The respondent moved pursuant to Rule 21.01(1)(a) of the Rules of Civil Procedure to dismiss the appellants' claim on the ground that the action was out of time. The parties agreed on a two-year limitation period; however, they disagreed on when that period started to run.
Sloan J. held that discoverability was not at issue and dismissed the action on the grounds that it was commenced after the expiry of the limitation period. The appellants appealed.
The court agreed with the motion judge that, on all of the evidence, the cause of action for breach of contract arose no later than the end of 2008 when the respondent advised the appellants that it was closing its business. The action was commenced on July 29, 2011, more than two years later, and the limitation period had therefore expired.
The court dismissed the appeal.
In this decision, the Court of Appeal returned to the issue it recently addressed in Downer v. Personal Insurance Co., 2012 ONCA 302, leave to appeal to S.C.C. refused,  S.C.C.A. No. 332: the entitlement of an injured party to no-fault statutory accident benefits from his automobile insurer.
The respondent Martin was attacked while loading his car after work at a Toronto night club. Alleging that he suffered ongoing injuries and loss of income as a result of the assault, Martin claimed against his insurer Certas for SABs and indemnity under the unidentified, uninsured and underinsured coverage provisions of his standard car insurance policy. When Certas denied both claims, Martin sued the company.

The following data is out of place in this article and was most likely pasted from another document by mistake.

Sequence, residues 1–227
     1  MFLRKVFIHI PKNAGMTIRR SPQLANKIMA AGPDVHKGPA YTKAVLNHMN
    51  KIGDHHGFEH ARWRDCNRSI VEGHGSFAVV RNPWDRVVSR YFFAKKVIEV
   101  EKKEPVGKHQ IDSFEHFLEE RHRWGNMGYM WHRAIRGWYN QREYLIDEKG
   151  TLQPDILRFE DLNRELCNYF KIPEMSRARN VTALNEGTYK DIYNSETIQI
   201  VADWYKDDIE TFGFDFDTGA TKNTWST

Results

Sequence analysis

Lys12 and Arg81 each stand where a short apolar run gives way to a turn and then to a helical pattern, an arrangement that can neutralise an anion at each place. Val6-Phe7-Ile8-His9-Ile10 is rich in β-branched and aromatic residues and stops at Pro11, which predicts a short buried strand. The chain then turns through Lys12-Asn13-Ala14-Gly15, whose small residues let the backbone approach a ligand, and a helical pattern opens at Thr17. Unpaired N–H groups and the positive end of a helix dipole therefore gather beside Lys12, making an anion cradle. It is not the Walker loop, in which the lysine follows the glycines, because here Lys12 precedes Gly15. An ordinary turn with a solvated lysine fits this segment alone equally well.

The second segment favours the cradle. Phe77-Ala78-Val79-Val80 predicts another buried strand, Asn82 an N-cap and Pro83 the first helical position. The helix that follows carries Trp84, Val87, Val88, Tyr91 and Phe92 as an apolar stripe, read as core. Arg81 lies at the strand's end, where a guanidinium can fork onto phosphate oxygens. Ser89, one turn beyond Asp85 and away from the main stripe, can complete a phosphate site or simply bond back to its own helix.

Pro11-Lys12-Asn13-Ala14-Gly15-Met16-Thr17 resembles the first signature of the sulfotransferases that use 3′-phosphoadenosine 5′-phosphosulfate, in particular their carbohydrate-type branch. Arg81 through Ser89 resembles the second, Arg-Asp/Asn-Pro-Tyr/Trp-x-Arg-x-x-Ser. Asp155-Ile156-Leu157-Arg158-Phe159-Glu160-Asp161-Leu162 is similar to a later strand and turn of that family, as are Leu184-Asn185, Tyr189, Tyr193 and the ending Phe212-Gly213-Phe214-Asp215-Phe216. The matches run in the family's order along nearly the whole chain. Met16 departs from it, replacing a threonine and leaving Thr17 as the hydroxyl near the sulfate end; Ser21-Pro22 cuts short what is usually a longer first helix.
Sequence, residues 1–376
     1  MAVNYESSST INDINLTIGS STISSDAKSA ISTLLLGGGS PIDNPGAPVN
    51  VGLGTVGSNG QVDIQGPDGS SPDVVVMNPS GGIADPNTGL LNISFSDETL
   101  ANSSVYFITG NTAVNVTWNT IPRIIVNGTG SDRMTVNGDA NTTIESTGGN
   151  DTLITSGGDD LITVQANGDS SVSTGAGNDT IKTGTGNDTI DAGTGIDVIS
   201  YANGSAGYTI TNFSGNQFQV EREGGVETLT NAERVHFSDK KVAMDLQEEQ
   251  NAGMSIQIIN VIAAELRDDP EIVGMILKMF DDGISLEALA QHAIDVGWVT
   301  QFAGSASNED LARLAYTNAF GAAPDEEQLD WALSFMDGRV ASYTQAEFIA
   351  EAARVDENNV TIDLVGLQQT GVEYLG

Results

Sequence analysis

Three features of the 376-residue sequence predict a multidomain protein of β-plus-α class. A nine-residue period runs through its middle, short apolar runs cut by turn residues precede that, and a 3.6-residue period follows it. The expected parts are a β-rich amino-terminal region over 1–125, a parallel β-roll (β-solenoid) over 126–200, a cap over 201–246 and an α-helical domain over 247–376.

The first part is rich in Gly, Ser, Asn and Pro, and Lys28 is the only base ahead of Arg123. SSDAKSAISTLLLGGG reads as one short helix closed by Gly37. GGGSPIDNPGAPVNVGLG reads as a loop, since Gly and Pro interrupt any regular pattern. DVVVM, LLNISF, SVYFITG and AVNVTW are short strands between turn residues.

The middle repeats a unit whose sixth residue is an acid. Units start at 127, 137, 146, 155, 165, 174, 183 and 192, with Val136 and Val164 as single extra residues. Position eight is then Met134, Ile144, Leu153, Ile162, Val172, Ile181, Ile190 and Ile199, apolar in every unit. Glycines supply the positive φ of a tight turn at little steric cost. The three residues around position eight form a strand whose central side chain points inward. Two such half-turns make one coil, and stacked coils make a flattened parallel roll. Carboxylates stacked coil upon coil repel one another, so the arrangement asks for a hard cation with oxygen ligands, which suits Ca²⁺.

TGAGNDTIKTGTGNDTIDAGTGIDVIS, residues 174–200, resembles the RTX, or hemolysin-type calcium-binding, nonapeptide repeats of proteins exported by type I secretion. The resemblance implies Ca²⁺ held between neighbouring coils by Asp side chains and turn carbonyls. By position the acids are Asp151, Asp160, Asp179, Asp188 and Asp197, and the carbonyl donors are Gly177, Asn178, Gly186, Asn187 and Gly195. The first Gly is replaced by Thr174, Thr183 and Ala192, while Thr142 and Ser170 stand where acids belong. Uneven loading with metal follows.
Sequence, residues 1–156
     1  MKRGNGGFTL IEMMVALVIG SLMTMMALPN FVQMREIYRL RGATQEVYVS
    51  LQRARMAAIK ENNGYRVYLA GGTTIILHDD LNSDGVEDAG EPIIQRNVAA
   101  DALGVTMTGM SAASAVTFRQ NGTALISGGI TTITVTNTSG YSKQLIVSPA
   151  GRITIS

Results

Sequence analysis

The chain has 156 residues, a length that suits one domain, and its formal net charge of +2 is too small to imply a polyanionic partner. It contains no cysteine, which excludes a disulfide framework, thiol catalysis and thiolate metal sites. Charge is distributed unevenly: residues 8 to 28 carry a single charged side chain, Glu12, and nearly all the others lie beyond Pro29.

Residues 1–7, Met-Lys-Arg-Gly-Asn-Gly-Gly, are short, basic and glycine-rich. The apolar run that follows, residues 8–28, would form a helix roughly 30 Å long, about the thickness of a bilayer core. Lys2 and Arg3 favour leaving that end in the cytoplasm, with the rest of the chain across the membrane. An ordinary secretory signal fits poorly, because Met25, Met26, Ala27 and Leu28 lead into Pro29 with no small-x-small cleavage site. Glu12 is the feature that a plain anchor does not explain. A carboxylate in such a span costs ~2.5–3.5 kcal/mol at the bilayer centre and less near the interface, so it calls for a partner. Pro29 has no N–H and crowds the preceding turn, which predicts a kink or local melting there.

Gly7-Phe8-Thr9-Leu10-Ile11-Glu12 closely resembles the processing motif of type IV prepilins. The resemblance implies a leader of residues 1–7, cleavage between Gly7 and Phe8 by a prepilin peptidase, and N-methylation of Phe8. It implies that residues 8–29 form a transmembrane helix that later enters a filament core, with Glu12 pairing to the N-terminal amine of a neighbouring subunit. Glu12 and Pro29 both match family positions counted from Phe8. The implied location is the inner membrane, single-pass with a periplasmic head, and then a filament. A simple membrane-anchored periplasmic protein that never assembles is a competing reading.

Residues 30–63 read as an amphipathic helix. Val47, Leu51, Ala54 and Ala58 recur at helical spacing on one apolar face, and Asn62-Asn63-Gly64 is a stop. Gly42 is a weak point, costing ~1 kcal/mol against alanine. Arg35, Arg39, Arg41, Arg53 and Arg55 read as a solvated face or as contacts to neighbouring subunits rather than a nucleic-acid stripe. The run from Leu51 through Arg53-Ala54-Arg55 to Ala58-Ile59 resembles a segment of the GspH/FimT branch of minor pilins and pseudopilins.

On motion brought by Certas, the motion judge found in favour of Martin. Certas appealed.
The appeal turned on the meaning of "accident" as defined in s. 2(1) of the Statutory Accident Benefits Schedule – Accidents on or after November 1, 1996 to the Insurance Act, R.S.O. 1990, c. I.8 and on the interpretation of "directly or indirectly from the use or operation of...[his] automobile" within the meaning of s. 239(1)(a) of the Insurance Act.
Writing for the Court of Appeal, Cronk J.A. found that in his interpretation of "accident" in s. 2(1) of the 1996 Schedule, the motion judge improperly applied the causation test in Amos v. Insurance Corp. of British Columbia,  3 S.C.R. 405, instead of the modified causation test as outlined by the Court of Appeal in Chisholm v. Liberty Mutual Group (2002), 60 O.R. (3d) 776 and Greenhalgh v. ING Halifax Insurance Co. (2004), 72 O.R. (3d) 338, leave to appeal to S.C.C. refused,  S.C.C.A. No. 461. Considering the Chisholm approach, as clarified by Greenlagh, Cronk J.A. stated the relevant questions as follows:
- Was the use or operation of the vehicle a cause of the injuries?
- If the use or operation of a vehicle was a cause of the injuries, was there an intervening act or intervening acts that resulted in the injuries that cannot be said to be part of the "ordinary course of things"? ...[C]an it be said that the use or operation of the vehicle was a "direct cause" of the injuries?
Since it was not the use or operation of his vehicle that caused Martin's injuries, but rather the assault on him, Cronk J.A. found that the first branch of the test was not met.
With respect to the second branch of the modified causation test, Cronk J.A. found that the motion judge failed to appreciate the effect of the recent decision of the Court of Appeal in Downer, which required that he determine whether an intervening act or acts, not part of the "ordinary course of things" caused the respondent's injuries. Applying Downer, Cronk J.A. held that the use or operation of Martin's vehicle could not be said to have caused his injuries; it was in fact the assaults, "which were distinct acts independent from the use of operation of his vehicle", which caused them. Downer made clear that "it is not enough to show that an automobile was somehow involved in the incident giving rise to the injury. Rather, the 'use or operation' of the automobile must have directly caused the injury."